So you’ve got a bug and you can’t see where to begin? Well, let me tell you, I’ve been there. Have a seat and I'll tell you a story of a bug that cost me three days and ended in three lines of code. I promise you’ll laugh, you’ll cry, and when we’re finished, you might see a path to start your own hunt.
Debugging code is a skill we all must learn, but one that is rarely taught particularly well. We speak about “reading the traceback” as if that alone is sufficient to lead us to the solution to all our problems. But what happens when it isn’t enough? When the traceback is the symptom of a problem that happened elsewhere, or elsewhen? How do you approach debugging when the leads are slim?
This talk presents the tools of debugging couched in a very specific tale of a particular bug hunt. The specific bug is a good one because it presents a number of the classic tough problems in debugging. It starts with an intermittent failure. It has a traceback that is completely remote from the actual cause of the problem. It involves the interaction of three separate systems: a web framework, a test framework, and a database. And in the end, the cause is so small, and the solution so simple, that it serves to remind us all to be humble in the face of the complexity we deal in daily.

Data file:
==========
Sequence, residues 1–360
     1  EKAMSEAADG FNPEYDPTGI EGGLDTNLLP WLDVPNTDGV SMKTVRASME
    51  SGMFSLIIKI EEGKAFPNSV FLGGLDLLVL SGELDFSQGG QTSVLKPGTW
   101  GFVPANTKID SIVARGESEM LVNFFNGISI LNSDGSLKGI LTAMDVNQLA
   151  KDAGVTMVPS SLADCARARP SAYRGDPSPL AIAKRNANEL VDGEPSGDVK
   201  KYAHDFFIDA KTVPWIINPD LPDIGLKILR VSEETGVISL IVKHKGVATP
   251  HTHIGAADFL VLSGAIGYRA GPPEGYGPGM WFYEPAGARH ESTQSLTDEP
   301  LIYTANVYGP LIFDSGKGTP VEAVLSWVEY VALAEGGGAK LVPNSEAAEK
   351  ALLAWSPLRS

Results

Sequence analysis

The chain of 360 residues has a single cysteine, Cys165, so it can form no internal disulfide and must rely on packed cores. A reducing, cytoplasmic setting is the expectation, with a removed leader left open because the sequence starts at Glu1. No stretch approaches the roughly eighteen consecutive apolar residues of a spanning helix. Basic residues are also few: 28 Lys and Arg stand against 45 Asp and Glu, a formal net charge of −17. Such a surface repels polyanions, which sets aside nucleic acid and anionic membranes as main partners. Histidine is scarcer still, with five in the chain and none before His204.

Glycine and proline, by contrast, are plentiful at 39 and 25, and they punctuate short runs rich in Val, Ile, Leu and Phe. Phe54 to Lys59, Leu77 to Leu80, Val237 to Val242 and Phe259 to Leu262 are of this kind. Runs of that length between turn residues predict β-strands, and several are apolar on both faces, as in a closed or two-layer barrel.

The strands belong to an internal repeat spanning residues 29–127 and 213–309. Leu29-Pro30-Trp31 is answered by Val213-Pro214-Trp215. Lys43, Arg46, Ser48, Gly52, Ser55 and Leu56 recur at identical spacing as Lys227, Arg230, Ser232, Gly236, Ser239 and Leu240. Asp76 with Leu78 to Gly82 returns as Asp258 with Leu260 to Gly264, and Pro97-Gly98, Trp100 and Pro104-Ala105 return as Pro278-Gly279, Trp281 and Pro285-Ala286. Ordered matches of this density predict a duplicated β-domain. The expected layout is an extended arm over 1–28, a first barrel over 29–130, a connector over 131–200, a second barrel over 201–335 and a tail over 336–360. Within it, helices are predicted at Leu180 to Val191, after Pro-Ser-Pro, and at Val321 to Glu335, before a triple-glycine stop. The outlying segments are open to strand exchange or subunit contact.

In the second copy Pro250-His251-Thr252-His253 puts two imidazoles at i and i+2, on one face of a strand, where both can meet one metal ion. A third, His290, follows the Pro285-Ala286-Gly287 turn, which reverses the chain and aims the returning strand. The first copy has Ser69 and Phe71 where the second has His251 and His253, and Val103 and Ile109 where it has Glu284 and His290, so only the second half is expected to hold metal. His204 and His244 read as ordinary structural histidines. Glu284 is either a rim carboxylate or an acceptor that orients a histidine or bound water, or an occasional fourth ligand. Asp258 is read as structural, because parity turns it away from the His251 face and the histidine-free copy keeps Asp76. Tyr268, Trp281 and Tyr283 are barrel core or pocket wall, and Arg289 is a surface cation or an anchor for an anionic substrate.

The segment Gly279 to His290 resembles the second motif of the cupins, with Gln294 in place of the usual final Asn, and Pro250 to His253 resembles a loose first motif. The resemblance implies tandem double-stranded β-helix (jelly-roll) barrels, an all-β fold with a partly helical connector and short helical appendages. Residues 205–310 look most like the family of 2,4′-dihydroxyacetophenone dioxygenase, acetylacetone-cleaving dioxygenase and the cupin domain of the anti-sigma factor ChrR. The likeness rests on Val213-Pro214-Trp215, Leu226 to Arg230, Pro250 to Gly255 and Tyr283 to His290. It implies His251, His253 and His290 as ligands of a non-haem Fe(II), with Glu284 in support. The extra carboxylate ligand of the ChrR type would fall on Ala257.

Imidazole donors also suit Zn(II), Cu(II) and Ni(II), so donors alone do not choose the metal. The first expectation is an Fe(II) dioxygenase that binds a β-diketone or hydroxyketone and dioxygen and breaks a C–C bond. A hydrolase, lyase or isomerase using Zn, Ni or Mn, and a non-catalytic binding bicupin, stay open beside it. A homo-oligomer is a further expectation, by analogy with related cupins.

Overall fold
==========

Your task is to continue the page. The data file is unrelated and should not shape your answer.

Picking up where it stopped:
During this talk, you'll learn about ways to use printing and logging as well as pdb. You'll see how core Python tools like dbapi2 and the inspect module can help to solve common problems. You'll learn how to spot new avenues for exploration, and how to figure out when you're in a blind alley.
The talk is entertaining for folks of any level, but it’s probably of most use to beginner and intermediate programmers.
Cris Ewing is a husband and father of two, and a developer with nearly 20 years of experience building software. He started in the field of computer music, and since 2001 has worked building web-based applications in a number of languages. He is currently employed as a software engineer at Coffee Meets Bagel in Seattle, WA where he develops services in a polyglot system that includes Python, Go, Scala, and Elixir. He has contributed code and documentation to such Open Source projects as Plone, Pyramid and EdX.
Cris joined the Plone open source community in 2006 and has served on the board of directors of the Plone Foundation and as the coordinator for Plone's presence in the Google Summer of Code. He has taught web development in Python for the University of Washington Professional and Continuing Education program and established the Python program at CodeFellows in Seattle, WA. He has twice been named "Educator of the Year" by the Puget Sound Programming in Python (PuPPy) meetup group.
Cris has spoken at meetups, trainings, conferences and events across the US and internationally, and was a Keynote Speaker at PyCon 2016 in Portland, OR.